This layout has been published on the Micro Layout Design Gallery↗ by Carl Arendt.
This micro layout is a variation of the Grand Chasm Scenic RR↗. The original plan showed a small (narrow-gauge) oval with a “half-turntable” annex removable train cartridge, in order to allow storing trains away. I like the idea of a “half-turntable”, because it consumes less space than a full turntable. The turntable-track only swings out when in operation.
Anyhow, the original plan has very small radii, thus making the plan only suitable for narrow gauge. I wanted to adapt the plan so it can also be operated with normal gauge H0 1:87-16½ mm. By using two “half-turntables”, I’ve avoided the small radii. Basically, you'll get a small piece of show-track, marked ②, between both “half-turntables” ①. You’ll lose the continuous running from the original. There’re also two hidden storage tracks ③. Hiding the storage tracks with scenery can be tricky. I suggest a special solution for hiding the tracks, but nothing is obligatory. Because the layout is extremely small, I believe the scenery should be condensed and dramatic. I envision a German style, romantic bridge scene. There’s a steel girder bridge at ④. The hidden tracks ⑤ and ⑥ are hidden by a covered, wooden bridge. Wooden bridges are very rarely used for train tracks, so this one should look like a road bridge. Thick bushes should hide the entrances of the bridge, so no trains will be visible. This layout should be used for eye-level viewing only, because otherwise the visual effect is lost.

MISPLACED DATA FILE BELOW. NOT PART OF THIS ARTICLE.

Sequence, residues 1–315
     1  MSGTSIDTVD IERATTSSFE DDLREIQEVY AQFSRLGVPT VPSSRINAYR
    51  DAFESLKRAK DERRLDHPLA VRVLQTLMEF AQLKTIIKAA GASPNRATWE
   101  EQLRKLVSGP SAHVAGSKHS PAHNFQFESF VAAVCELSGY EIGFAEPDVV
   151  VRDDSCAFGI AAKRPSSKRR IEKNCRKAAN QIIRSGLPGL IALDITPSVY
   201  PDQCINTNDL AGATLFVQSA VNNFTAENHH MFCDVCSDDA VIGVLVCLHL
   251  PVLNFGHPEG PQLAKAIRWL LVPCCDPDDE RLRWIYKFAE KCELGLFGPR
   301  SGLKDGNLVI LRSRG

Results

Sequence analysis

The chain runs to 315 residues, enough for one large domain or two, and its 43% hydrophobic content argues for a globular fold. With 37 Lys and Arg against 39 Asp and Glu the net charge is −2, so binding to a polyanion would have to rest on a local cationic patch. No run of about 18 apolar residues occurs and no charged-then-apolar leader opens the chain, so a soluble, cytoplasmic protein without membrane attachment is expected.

At ⑦ I’ve drawn a curved background. At ⑧ I’ve located a small ruin, adding to the romantic impact.
I intend this plan for operating railcars (in German: Schienenbussen). Those railcars will fit into the 25-30 cm length of the turntables. Maybe also a shunter (e.g. DB series 360) with two short 2-axle freight cars would fit. Well, this is definitely a branch line somewhere in the 1960’s or 1970’s.
↓ Freddy De Wilde from Belgium built a small layout with narrow gauge trains from Austria. Here we also find a ruin over a tunnel. Seen at the Rail 2010 exhibition in the Netherlands.
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